United States District Court, N.D. Georgia, Atlanta Division
ORDER AND FINAL REPORT AND RECOMMENDATION
K. LARKINS III, UNITED STATES MAGISTRATE JUDGE.
matter is before the Court on Defendant Crystal S.
Sutton's application for leave to proceed in forma
pauperis (“IFP”) on her notice of removal of
a state dispossessory action to this Court. [Doc. 1.] After
considering Sutton's application, I find that she meets
the requirements for IFP status and GRANT
her request to proceed IFP pursuant to 28 U.S.C. §
1915(a). Nevertheless, this Court does not have subject
matter jurisdiction over the removal action. I therefore
RECOMMEND that this case be
REMANDED to the Magistrate Court of DeKalb
underlying dispossessory action, Plaintiff Waterford Manor
Provence Real Estate (“Waterford Manor”) alleged
that Sutton failed to pay the rent for leased premises in
DeKalb County. [Doc. 1-1 at 6.] Waterford Manor demanded
possession of the premises, past due rent of $659 for the
month of May 2018, current rent accruing at a rate of $659
each month, and various fees and utilities. [Id.]
Petition for Removal, Sutton argues that the state court
eviction proceeding has violated her Fourteenth Amendment
right to due process because service was defective. [Doc. 1-1
at 4.] She further argues that the proceeding violates the
Fair Debt Collection Practices Act and the Uniform Commercial
Code and the dispossessory complaint fails to state a claim
upon which relief may be granted. [Id. at 2, 4.]
Finally, she argues that the Court has jurisdiction over the
state proceeding because she has an open bankruptcy case.
[Id. at 4.]
“any civil action brought in a State court of which the
district courts of the United States have original
jurisdiction, may be removed by the defendant or defendants,
to the district court of the United States.” 28 U.S.C.
§ 1441(a). Here, however, the underlying case is a state
dispossessory action containing no federal claim. [Doc. 1-1
at 6.] Thus, removal based on federal question jurisdiction
under 28 U.S.C. § 1331 is improper. See Beneficial
Nat'l Bank v. Anderson, 539 U.S. 1, 6 (2003)
(“As a general rule, absent diversity jurisdiction, a
case will not be removable if the complaint does not
affirmatively allege a federal claim.”); see also
U.S. Bank Nat'l Ass'n v. Sanders, No. 1:13-cv-
357-WSD, 2015 WL 1568803, *3 (N.D.Ga. Apr. 7, 2015). Even if
Sutton now wishes to assert counterclaims or defenses based
on federal law, this Court may look only to the complaint
itself to determine whether there is federal question
jurisdiction. See Anderson, 529 U.S. at 6.
also clear that there is no diversity jurisdiction under 28
U.S.C. § 1332(a). Sutton appears to be a Georgia citizen
and therefore cannot remove the dispossessory case-filed in
state court in Georgia-to federal court. 28 U.S.C. §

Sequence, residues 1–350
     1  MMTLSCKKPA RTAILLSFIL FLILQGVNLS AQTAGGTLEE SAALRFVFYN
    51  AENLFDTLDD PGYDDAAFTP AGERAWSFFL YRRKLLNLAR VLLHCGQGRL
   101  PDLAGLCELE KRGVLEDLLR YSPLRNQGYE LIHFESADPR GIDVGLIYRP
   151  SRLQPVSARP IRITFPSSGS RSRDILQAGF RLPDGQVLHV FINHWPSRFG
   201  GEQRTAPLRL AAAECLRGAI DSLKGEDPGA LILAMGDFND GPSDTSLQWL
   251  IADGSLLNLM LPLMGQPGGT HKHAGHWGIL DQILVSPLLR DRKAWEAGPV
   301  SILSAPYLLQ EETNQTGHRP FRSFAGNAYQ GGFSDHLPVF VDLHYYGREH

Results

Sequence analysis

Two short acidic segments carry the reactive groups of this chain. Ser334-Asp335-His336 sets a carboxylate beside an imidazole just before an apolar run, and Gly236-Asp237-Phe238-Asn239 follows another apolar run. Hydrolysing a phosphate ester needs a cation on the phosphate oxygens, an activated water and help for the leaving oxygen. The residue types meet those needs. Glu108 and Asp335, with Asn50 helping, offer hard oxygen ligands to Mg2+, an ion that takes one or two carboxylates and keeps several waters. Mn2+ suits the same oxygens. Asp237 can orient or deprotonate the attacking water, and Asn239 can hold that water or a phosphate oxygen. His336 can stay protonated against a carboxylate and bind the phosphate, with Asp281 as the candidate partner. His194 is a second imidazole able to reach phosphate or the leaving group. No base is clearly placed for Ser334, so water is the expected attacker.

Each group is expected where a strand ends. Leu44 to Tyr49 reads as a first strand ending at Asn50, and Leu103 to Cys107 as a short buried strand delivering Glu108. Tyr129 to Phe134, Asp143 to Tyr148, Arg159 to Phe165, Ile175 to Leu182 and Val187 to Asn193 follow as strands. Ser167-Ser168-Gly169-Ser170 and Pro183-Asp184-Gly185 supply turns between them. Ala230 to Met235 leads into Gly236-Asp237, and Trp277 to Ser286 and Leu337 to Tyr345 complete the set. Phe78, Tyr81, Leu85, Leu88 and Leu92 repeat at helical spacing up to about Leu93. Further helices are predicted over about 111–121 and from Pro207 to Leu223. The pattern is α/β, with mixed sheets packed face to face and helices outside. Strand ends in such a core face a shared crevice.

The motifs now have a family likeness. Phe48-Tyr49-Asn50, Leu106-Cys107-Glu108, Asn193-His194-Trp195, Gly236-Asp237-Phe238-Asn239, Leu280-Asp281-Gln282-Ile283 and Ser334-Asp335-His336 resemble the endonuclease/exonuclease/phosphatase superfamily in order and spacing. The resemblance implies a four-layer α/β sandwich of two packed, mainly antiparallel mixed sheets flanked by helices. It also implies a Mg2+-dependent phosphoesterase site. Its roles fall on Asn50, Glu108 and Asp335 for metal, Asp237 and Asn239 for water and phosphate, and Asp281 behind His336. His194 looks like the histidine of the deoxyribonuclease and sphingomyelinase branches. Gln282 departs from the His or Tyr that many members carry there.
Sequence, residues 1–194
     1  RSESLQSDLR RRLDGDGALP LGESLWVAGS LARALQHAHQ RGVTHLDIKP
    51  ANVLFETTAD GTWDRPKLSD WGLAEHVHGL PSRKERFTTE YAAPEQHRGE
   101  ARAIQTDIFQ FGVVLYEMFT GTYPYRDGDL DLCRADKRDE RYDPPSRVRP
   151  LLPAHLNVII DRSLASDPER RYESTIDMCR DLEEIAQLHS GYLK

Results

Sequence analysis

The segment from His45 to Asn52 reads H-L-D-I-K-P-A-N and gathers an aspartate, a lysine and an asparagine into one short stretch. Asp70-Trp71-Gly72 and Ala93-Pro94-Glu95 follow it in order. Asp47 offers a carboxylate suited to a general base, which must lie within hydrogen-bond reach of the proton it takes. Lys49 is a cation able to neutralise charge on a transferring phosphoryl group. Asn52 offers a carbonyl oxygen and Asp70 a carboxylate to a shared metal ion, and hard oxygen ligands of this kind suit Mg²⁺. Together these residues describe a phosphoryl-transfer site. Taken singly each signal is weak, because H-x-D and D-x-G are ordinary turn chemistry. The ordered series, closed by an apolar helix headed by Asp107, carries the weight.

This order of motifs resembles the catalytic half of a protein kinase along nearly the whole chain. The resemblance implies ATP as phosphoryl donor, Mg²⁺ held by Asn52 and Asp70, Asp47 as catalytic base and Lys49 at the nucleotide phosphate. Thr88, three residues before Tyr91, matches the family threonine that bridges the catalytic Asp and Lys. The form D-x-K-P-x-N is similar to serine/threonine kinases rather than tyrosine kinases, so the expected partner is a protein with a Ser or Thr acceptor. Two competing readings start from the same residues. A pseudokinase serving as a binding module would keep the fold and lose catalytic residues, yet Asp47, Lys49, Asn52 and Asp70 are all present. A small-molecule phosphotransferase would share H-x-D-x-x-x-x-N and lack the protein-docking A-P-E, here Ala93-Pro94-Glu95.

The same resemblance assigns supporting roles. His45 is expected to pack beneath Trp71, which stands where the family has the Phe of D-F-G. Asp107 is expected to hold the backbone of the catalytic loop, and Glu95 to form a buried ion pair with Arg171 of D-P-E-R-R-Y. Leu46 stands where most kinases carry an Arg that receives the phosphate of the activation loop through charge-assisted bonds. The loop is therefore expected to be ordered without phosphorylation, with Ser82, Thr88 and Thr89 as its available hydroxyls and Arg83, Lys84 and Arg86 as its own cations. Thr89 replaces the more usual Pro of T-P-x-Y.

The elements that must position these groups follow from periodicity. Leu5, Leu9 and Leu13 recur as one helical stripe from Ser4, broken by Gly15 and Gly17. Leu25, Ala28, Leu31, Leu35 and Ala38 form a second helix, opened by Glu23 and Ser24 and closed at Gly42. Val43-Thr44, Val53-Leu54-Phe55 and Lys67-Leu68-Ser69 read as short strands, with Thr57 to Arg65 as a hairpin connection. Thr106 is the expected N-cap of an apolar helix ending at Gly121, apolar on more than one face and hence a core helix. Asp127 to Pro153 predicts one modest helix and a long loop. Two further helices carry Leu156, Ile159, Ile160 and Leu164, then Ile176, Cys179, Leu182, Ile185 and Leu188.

1441(b)(2). In any event, the dispossessory claim against
Sutton cannot be reduced to a monetary sum for purposes of
satisfying the amount-in-controversy requirement in §
1332(a), and the demand for money damages in the complaint
was well below the $75, 000 threshold in § 1332(a).
See 28 U.S.C. § 1332(a); Citimortgage, Inc.
v. Dhinoja, 705 F.Supp.2d 1378, 1382 (N.D.Ga. 2010)
(holding that only the plaintiff's claim may satisfy the
amount-in-controversy requirement, and an action seeking
ejectment cannot be reduced to a monetary sum for purposes of
determining the amount in controversy). Thus, the amount in
controversy requirement in § 1332(a) is not met.
See 28 U.S.C. § 1332(a).
extent that Sutton relies on 28 U.S.C. § 1443(1), that
provision does not provide a basis for removal of the state
dispossessory action to this Court. Section 1443(1) provides
that a defendant may remove a case initiated in state court
if he or she is “denied or cannot enforce in the courts
of such State a right under any law providing for the equal
civil rights of the United States, or of all persons within
the jurisdiction thereof.” 28 U.S.C. § 1443(1). A
notice of removal under § 1443(1) must show that the
right on which the defendant relies arises under federal law
“providing for specific civil rights stated in terms of
racial equality, ” and the defendant has been denied or
cannot enforce that right in state court. Alabama v.
Conley, 245 F.3d 1292, 1295 (11th Cir. 2001). Sutton
asserts that the eviction proceedings are violating her
Fourteenth Amendment rights, but that assertion cannot
support a claim for removal because § 1443(1) only
applies to “specific civil rights stated in terms of
racial equality.” See Conley, 245 F.3d at
1295; see also Id. at 1295-96 (“[A]
defendant's right to a fair trial and equal protection of
the laws . . . do[es] not arise from legislation providing
for specific civil rights in terms of racial equality[.]
Therefore, to the extent [that petitioner] relies upon broad
assertions under the Equal Protection Clause . . ., those
rights are insufficient to support a valid claim for removal
under § 1443(1).” (quotation omitted)).
despite Sutton assertion that she has a bankruptcy case
pending in this District, the docket for the U.S. Bankruptcy
Court for the Northern District of Georgia does not reveal
that she has filed a bankruptcy petition. She therefore
cannot rely on the Court's jurisdiction over matters
“related to” bankruptcy cases. See 28
U.S.C. § 1334.
the Court GRANTS Sutton's application
for leave to proceed IFP. [Doc. 1.] Because it is clear that
this Court lacks subject matter jurisdiction over the removal
action, it is further RECOMMENDED that the
case be REMANDED to the Magistrate Court of
SO ORDERED AND RECOMMENDED.
 In the caption, Plaintiff Waterford
Manor Provence Real Estate's name is misidentified as
“Waterford Manor Providence Real Estate.” The
Clerk is DIRECTED to correct the ...